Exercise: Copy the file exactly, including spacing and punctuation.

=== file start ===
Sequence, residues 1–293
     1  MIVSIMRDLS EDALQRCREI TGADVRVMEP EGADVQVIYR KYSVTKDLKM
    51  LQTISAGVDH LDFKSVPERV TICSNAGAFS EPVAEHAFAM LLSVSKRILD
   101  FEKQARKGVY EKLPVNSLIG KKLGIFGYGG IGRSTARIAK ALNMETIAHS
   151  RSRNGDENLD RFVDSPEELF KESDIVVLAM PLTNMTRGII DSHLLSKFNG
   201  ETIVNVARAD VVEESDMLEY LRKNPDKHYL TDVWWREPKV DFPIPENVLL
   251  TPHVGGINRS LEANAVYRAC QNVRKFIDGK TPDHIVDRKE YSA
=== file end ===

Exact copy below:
Sequence, residues 1–293
     1  MIVSIMRDLS EDALQRCREI TGADVRVMEP EGADVQVIYR KYSVTKDLKM
    51  LQTISAGVDH LDFKSVPERV TICSNAGAFS EPVAEHAFAM LLSVSKRILD
   101  FEKQARKGVY EKLPVNSLIG KKLGIFGYGG IGRSTARIAK ALNMETIAHS
   151  RSRNGDENLD RFVDSPEELF KESDIVVLAM PLTNMTRGII DSHLLSKFNG
   201  ETIVNVARAD VVEESDMLEY LRKNPDKHYL TDVWWREPKV DFPIPENVLL
   251  TPHVGGINRS LEANAVYRAC QNVRKFIDGK TPDHIVDRKE YSA